The group looked at each other in horror. Arcadia had not prepared them for the sight of dead children.
They entered the synagogue to find several children lying in cots, each with similar symptoms. They were sweaty and shaky. Some were coughing, others were vomiting, and others were doing both. It was an even more frightful to see than they thought it would be. Most were toddler age, with the youngest probably having been born in the last couple months, and the oldest being around eight.
“What disease it this?” Lincoln asked.
The old woman was gone. A younger woman was nearby, though. “Double pneumonia,” she said. “It can be treated, but we do not have the medicine for it. Not here. We have sent word, but I fear help may not come in time. Unless, that is, you are who we have been expecting.”
“No,” Leona said with a determined look on her face. “But we can help just the same.”
She reached into her bag and took out what she referred to as her second aid kit. It had all the basic of a first aid kit, plus a few things that didn’t generally come with it. Not everyone was educated enough to carry needles and antibiotics, but Leona was, so she always wanted to be prepared. Her kit had seen a boost in inventory after she recovered from having to cut off both of her legs during the Legolas tribulation. “Pneumonia is easy to treat where we come from,” she whispered to the group while inspecting her supplies. “Unfortunately, these children may be too far gone. I can quell all of their symptoms, but I can only cure one, maybe two.” She took out one of those plastic pill organizers and opened up every slot. Then she started dropping medicines into the slots to create individualized cocktails. She stopped in the middle of it and started thinking. “Serif, go find a mortar and pestle. Lincoln, ask someone for everything required to make tea. Darko, start helping keep the children comfortable. Give them water—boil more if you have to—ask them if they want more pillows, or more blankets, or whathaveyou.”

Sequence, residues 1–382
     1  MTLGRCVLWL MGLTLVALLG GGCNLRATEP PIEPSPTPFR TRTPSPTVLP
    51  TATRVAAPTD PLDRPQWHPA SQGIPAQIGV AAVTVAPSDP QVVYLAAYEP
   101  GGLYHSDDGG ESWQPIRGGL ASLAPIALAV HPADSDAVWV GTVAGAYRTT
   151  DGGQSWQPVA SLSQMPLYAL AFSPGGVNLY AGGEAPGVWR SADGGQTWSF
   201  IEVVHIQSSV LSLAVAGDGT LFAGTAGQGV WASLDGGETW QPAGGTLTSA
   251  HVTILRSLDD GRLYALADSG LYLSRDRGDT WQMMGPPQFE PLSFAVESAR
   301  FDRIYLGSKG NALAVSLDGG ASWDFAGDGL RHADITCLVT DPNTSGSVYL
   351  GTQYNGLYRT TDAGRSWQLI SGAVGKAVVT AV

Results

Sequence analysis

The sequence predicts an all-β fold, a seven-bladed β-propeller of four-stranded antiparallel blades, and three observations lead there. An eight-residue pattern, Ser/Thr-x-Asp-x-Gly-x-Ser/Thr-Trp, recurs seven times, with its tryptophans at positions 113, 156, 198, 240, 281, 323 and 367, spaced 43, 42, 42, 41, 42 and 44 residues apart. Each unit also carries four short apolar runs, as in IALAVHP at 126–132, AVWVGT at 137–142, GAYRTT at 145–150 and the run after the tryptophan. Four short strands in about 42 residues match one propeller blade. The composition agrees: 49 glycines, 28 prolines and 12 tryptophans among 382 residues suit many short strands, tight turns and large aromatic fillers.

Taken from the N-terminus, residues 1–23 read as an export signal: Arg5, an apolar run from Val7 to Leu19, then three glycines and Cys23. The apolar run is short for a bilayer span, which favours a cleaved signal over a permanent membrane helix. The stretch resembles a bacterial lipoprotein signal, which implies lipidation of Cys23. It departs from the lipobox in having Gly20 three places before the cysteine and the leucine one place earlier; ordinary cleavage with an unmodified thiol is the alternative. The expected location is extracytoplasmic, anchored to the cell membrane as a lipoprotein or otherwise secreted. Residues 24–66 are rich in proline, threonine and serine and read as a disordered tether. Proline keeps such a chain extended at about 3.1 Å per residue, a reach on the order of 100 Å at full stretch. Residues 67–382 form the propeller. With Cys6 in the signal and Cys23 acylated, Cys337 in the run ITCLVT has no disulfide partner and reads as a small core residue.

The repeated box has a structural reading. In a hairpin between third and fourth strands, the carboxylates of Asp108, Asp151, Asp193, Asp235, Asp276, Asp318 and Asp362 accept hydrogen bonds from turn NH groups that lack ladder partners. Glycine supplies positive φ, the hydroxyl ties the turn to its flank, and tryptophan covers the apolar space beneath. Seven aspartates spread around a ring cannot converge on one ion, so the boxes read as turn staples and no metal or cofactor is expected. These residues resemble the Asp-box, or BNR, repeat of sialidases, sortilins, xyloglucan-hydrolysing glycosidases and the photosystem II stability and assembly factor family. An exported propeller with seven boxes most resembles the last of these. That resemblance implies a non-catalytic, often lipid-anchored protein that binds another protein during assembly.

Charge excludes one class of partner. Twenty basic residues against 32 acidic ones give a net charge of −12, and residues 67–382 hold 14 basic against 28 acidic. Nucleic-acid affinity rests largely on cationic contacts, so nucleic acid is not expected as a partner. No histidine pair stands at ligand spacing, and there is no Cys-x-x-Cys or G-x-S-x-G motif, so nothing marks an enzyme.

They all sped off to complete their tasks, leaving Mateo wondering what he could do to help.
“You have the worst job of all,” she said to him.
“Like I said, I can only cure one for certain. The rest will have to pull through on their own, which they may not be able to do. It will be your responsibility to find out who it is we’re here to save.”
“Are we sure there is only one? Maybe we’re here for everybody.”
“Mateo, have you ever heard of a group of dozen and a half historical figures who all grew up in the same tiny village?”
“Well, no...but—”
“Your father was The Kingmaker, right? He saved famous people. There’s only one famous person here, and you have to figure which one of these children that is.”
“But we need to—”
“I’d like to save them all too, but Arcadia didn’t put us here to do that. If you want your father back, you have to do what’s being asked of you. Learn all of their names, and report them to the group. Hopefully, between the five of us, someone will recognize the right name.”